SCIENTISTS ~ BLOOD RED RIVER 1982 - 1984
This is a retrospective of grunge rock pioneers the Scientists. The "Seattle Sound" of the '90s may have brought grunge to the masses, but there are those who believe it first came to fruition in Perth and Sydney, Australia in the 1980s.
That's when the late, great Scientists stalked the earth, rumbling and howling like a pack of wild dingoes. Although the group had formed in Perth a few years before, they really hit their stride from 1982-1984 while based in Sydney, then later London. A six-song EP of the same name was originally released by Au-go-go in 1983 and reissued as a 15-track compilation by Sympathy for the Record Industry in 2001.
This release includes the original tracks, plus selections from four different sessions, including the Brussels-recorded Demolition Derby 12".
No Scientists collection would be complete without "Swampland and "We Had Love, so Blood Red River isn't a bad place to begin one's journey into their dark yet inviting world. Human Jukebox, which covers the years 1984-1986, was released shortly after this release in 2001.
The Scientists have the cure for tired, unimaginative alternative rock.
I can still remember my first encounter with the Scientists pretty vividly. I'd gone to see The Gun Club - touring The Last Vegas Story & fresh off of a 2-song slot on The Tube (which somebody had conveniently uploaded to Youtube last time I looked) - at Nottingham's notorious Rock City &, sloshed on cider & attempting to not piss on my careworn winklepickers, I heard the first growls of the unbeknownst support band from my porcelain vantage point. I'd noticed a short article about them a couple of weeks earlier in the NME but hadn't paid it too much attention & was expecting yet more pale & uninteresting Sisters Of Mercy clones - another miserable Flesh For Lulu or Skeletal Family. Their stuttering, shuddering pre-song tune-up had me zipping up my PVC trews with reckless haste & barging my way stagefront in no time (it wasn't much of a barge tbh - I remember the venue still being half full tops). They looked startling: a wholly alien hybrid of scruffy Detroit hairdos, psyched-out vintage shirts, scuffed 'pickers &, man-oh-man, tatty Levis hipsters the like of which we had never laid our gothic eyes on before (they did the alterations themselves apparently!). I don't remember too much in the way of specific details, 'cept that the first song was "Nitro" & that vocalist / guitarist Kim Salmon quite rightly reprimanded some chattering goth harpy for sniggering at the title of "Murderess In A Purple Dress". Oh, & that they were jawdroppingly awesome. Love at first sight basically. I made a beeline into town & bought their Blood Red River & This Heart Doesn't Run On Blood, This Heart Doesn't Run On Love MLPs the following morning & I still own them both, along with everything they subsequently released & a few earlier bits 'n' pieces also (I'm particularly proud of the Rubber Never Sleeps cassette). They remain one of the few (possibly only) bands I've ever sent a genuine fan letter to. It took almost a year to arrive but when it finally did - Kim Salmon's spidery scrawl in green ink on Scientists' headed notepaper - I was secretly rather flattered. Which is why I've never thrown it away.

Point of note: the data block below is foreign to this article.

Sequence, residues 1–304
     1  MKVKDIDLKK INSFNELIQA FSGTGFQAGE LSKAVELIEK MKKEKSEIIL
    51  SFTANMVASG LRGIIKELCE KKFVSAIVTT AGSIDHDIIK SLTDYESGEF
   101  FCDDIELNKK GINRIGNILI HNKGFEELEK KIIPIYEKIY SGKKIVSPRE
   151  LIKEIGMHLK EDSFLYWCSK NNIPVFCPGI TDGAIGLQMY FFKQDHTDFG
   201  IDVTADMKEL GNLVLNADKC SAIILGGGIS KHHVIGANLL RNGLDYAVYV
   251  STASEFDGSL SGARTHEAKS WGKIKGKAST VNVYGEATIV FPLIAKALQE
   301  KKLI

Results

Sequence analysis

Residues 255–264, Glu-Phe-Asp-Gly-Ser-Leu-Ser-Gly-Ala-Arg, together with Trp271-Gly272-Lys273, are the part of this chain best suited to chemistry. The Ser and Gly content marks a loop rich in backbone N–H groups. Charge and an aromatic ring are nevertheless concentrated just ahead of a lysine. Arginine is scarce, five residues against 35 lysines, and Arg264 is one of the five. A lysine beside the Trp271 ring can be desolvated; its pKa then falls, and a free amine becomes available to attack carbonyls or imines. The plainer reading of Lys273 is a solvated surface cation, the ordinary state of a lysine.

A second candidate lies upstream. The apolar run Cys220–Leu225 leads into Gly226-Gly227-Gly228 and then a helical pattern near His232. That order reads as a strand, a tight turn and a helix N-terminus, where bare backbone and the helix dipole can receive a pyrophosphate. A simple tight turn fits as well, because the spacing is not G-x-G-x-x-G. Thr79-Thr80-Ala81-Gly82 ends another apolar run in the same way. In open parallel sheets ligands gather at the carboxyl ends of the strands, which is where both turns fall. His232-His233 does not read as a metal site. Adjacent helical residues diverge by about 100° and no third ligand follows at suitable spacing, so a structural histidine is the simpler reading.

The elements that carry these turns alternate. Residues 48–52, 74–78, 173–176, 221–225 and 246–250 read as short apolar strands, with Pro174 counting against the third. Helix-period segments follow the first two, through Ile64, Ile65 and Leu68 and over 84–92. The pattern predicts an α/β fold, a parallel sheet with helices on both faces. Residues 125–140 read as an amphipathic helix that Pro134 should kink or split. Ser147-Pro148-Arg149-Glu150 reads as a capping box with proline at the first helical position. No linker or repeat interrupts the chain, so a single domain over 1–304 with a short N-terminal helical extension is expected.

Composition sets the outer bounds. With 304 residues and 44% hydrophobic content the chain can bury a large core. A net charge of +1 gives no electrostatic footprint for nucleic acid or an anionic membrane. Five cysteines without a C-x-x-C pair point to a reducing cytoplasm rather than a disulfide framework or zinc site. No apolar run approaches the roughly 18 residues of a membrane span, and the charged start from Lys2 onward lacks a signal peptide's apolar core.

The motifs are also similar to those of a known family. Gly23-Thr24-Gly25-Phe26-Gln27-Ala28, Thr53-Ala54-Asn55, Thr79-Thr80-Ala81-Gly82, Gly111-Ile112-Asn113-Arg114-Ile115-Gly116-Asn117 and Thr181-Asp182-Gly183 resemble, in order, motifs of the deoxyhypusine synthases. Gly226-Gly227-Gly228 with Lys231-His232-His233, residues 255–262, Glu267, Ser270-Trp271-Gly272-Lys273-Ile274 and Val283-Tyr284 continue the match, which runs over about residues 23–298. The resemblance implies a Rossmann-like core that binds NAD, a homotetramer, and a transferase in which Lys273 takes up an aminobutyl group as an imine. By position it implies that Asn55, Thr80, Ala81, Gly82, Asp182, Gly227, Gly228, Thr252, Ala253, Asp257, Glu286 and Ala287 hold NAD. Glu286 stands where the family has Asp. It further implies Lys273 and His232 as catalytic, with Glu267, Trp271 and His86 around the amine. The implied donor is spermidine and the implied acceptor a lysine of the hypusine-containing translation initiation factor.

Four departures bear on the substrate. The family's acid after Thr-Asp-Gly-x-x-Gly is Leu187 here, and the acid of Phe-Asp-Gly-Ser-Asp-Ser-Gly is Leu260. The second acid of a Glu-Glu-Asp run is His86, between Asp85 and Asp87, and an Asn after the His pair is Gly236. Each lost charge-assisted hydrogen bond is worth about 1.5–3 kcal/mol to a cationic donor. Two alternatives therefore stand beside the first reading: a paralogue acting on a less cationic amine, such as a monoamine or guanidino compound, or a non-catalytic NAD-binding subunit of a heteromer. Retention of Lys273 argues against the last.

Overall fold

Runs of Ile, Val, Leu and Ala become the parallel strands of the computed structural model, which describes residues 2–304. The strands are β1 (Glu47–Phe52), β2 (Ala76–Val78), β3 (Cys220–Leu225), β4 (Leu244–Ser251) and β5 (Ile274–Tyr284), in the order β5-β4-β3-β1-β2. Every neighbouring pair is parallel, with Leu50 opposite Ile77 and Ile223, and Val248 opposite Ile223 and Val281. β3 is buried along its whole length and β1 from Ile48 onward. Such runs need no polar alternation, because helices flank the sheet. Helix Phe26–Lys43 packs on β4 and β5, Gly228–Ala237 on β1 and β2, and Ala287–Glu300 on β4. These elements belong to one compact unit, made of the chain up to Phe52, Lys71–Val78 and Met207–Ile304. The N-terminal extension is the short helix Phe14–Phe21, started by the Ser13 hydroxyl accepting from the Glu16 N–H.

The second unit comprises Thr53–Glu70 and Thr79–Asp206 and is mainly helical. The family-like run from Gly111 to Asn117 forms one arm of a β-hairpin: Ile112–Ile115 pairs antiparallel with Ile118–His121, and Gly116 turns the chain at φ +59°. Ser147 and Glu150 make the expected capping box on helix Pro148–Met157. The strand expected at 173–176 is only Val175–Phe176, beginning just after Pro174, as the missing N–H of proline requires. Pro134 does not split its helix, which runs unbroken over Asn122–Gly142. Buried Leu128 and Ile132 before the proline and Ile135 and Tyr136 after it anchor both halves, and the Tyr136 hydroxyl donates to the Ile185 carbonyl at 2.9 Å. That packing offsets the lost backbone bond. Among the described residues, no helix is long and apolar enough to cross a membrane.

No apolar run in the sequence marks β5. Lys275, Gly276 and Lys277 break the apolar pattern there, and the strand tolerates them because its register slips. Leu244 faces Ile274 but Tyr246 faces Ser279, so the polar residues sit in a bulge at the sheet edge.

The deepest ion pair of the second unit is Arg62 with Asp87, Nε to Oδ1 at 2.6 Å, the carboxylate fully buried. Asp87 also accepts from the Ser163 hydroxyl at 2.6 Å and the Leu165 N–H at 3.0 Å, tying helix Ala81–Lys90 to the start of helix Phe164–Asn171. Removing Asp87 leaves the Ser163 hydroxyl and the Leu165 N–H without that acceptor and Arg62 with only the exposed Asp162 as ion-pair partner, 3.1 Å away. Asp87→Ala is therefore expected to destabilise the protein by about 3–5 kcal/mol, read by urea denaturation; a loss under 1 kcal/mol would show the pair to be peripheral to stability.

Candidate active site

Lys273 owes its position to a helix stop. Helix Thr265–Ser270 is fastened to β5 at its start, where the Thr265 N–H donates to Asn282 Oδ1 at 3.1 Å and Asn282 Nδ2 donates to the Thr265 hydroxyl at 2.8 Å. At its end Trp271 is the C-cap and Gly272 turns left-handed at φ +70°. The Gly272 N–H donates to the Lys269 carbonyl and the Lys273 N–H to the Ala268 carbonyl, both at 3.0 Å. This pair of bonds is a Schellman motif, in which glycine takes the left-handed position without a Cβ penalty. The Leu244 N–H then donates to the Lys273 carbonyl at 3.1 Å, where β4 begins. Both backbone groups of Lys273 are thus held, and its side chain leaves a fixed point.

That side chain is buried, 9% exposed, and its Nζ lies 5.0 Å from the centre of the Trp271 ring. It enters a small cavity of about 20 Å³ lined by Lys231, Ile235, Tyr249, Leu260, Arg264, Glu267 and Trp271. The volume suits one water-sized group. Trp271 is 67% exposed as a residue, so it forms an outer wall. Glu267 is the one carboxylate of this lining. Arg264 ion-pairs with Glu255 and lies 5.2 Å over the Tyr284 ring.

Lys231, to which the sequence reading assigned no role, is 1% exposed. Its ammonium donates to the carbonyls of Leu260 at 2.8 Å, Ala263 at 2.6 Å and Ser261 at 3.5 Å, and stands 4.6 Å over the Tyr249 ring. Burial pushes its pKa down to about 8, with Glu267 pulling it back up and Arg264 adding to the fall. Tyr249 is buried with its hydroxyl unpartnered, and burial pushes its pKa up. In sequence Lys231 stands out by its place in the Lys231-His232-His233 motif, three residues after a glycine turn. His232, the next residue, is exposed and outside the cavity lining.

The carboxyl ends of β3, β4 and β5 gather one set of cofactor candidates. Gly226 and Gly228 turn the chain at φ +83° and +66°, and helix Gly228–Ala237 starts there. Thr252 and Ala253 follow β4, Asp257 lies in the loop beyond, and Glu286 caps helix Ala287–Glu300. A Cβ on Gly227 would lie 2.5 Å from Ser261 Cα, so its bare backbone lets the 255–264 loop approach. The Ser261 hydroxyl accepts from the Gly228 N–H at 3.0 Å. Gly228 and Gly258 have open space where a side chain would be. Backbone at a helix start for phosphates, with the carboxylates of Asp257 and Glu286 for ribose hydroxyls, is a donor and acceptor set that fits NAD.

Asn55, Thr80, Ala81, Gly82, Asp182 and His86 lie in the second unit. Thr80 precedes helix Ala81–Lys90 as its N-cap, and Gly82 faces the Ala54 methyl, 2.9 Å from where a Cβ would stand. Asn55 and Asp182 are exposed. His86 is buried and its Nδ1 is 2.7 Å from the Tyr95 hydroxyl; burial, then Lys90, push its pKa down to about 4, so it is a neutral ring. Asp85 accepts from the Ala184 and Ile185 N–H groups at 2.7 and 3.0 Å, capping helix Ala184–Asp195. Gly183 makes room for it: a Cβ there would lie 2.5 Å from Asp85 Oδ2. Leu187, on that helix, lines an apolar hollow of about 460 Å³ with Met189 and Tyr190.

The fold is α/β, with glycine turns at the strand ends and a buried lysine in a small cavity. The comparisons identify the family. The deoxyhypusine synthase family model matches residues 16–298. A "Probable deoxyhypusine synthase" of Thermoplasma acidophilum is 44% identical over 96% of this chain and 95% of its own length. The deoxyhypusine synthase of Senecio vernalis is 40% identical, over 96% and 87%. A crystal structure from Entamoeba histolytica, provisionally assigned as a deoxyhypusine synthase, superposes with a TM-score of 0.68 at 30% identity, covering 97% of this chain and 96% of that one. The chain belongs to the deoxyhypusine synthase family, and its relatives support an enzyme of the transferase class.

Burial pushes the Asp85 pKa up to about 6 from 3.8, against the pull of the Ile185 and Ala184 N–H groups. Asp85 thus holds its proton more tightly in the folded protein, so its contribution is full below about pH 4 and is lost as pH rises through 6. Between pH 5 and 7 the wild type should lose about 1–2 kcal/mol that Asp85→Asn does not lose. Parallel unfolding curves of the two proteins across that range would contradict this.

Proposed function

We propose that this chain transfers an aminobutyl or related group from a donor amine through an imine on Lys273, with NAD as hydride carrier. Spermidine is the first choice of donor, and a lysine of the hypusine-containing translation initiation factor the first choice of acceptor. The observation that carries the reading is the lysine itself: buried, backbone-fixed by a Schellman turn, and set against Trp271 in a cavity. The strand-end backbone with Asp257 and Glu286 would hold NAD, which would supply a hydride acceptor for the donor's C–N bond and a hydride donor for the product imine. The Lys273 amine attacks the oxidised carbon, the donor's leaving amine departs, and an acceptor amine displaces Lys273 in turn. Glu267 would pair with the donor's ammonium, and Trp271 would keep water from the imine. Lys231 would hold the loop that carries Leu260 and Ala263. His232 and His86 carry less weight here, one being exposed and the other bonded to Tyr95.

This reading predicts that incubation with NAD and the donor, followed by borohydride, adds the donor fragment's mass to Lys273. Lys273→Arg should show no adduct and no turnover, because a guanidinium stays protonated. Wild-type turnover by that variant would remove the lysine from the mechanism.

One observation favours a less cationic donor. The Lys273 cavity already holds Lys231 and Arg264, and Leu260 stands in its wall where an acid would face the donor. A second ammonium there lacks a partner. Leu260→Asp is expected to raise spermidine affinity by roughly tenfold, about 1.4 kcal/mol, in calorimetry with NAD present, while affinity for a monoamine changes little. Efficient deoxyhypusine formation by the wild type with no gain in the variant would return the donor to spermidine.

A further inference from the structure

If you work at dB Magazine – as I did for almost seven years – it’s a given that you’re going to hear a lot of the Scientists. Our two shared computer servers in the early 00s were called ‘Happy Hour’ and ‘Swampland’, for freak’s sake. Publisher Arna Eyers-White and editor Alex Wheaton both dig the band with great enthusiasm, and the reissue of Blood Red River in the late 90s with singles and b-sides thereon got some serious thrashing in the office. Frankly, had there been a video for it, this song would be ‘Swampland’: how the hell Kim Salmon managed to make a slightly goofy couplet like “My heart is a place called Swampland/Nine parts water, one part sand” sound effortlessly cool and downright sinister still amazes me.
That CD also helped me understand why people worshipped Salmon, which I’d never quite gotten before. I mean, he does good work, but you do kinda need to see where he came from first, in the same way that Ed Kuepper‘s career is brighter and more dazzling if you have the Saints and the Laughing Clowns to give it context.
I saw the band play the Blood Red River album start to finish at the Enmore a couple of years ago, opening for Sonic Youth playing Daydream Nation. What a great night.